After soldiers of the Great War returned home in early 1919, the United States government, state governments, and local institutions began commemorating the valiant efforts the men and women took to protect the nation. Throughout the nation, memorials such as statues, plaques, buildings, and signs were built to remember these brave men and women. One of these memorials was discovered by chance in Hartford, Connecticut; a rare stained glass window decorating the face of the North United Methodist Church. The stained glass window, was purchased by the Lamkins family to honor the memory of their son, a Hartford World War I soldier, Private First Class Walter Clifford Lamkins, who had fallen in France on October 24, 1918.
The stained glass window is located on the upper level of the church overlooking the nave. The window titled, “The Good Shepherd Giveth His Life for the Sheep,” encases the image of Jesus Christ holding a lamb surrounded with beautiful colors on 5 large glass panels.
Panels below the window bear the inscription:
“In Memory of Walter C. Lamkins,
who gave his young life for humanity;
Battlefields of France
October 24, 1918; age 22
101st Machine Gun Battalion”
The window was given to the church (at the time was called the North Methodist Episcopal Church) by Lamkins’ father, Frederick W. Lamkins, a retired buyer at Sage-Allen, Inc. in Hartford, Connecticut and mother, Charlotte S. Lamkins. The unveiling of the window occurred on November 18, 1923 and was followed by a solemn ceremony. The church was filled with officers and members of the 101st Machine Gun Battalion, Rau-Locke Post of the American Legion, Women’s Relief Corps, and others. In the Connecticut State Library’s stacks, there is a copy of the ceremony pamphlet which contained the dedication program.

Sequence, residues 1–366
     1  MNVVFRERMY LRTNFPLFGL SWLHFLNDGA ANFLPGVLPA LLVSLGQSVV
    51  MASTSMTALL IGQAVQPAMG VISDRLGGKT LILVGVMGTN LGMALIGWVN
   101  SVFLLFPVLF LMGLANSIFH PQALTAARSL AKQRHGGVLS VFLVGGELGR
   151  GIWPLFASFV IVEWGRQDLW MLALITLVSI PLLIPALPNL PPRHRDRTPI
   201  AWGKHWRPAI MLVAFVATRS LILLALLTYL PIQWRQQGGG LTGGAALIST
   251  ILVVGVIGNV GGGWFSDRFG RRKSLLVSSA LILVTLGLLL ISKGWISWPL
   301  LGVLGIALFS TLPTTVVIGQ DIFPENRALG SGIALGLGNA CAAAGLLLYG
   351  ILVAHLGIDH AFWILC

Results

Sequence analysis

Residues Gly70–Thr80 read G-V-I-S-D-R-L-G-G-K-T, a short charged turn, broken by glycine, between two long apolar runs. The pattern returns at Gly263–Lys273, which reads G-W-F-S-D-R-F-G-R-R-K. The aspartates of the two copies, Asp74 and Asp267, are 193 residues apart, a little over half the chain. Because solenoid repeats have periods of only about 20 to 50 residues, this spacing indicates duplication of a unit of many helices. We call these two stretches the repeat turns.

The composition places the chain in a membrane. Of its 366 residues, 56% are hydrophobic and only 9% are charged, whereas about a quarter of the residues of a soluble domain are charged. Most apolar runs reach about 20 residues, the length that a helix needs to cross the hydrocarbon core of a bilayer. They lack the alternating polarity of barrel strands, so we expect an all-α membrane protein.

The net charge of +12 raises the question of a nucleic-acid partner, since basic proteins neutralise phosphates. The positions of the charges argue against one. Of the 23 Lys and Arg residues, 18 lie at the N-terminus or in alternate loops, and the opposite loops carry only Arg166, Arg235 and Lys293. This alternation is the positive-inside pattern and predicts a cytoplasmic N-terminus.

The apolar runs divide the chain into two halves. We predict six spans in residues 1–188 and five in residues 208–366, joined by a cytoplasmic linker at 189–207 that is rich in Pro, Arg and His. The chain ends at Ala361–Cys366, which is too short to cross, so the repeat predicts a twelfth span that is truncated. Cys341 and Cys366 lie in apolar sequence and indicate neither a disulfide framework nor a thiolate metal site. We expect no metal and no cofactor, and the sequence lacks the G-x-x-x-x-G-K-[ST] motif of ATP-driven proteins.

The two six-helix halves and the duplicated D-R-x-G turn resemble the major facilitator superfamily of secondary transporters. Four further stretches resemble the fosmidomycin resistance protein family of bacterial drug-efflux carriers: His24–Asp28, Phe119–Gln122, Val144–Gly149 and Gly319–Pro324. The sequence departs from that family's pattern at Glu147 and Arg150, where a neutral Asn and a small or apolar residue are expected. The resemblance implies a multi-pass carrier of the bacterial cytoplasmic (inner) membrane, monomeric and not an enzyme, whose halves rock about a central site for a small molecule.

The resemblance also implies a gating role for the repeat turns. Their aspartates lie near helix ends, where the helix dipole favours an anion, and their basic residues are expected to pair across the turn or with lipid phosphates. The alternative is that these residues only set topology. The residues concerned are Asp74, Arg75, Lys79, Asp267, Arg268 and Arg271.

Found within the vast collection of the Connecticut State Library’s War Records was Philip Wainwright’s History of the 101st Machine Gun Battalion published in 1922 as well as Charles Yerrington’s A Memorial to the Two Hundred & Nine Men of Hartford Who Died in Service during the World War, 1917-1919 published in 1927. Both of which provided background information of Walter C. Lamkins. Walter was born on October 23, 1896 in Hartford. Before enlisting in with Troop L on May 10, 1917, Walter was a salesman for Flint Bruce Company, a furnishing store located in Hartford and was a member of the 1st Company, Governor’s Foot Guard. In 1917, Walter trained in Niantic, Connecticut, was promoted to Private First Class, and transferred to Company C of the 101st Machine Gun Battalion of the 26th Division, which joined the American Expeditionary Forces in England later in the year. On October 23, 1918, on his 22 birthday, Walter received wounds near the Meuse River, and passed away the next day.
In recognition of Hartford soldiers’ heroic efforts in the Great War, Charles Yerrington, post commander of the Rau-Locke American Legion post, headed the American Legion effort to plant 209 elm trees in Colt Park. One tree with an inscribed brass plaque for each Hartford soldier that died in the war. Lamkins was one one of these honored soldiers. In the years after the war the citizens of the United States and Connecticut commemorated the heroic efforts of every courageous men and women who fought in the Great War with monuments and memorials of all shapes and sizes, yet many, like the ones in Colt Park are now gone. Many more are lost to memory but hidden in plain sight. Walter C. Lamkins’ memorial in the Hartford church is one of these hidden gems which deserves to have a second look.
We want to thank the congregation of the North United Methodist Church for allowing us to enter their beautiful sanctuary to photograph the Lamkins’ memorial stained glass window.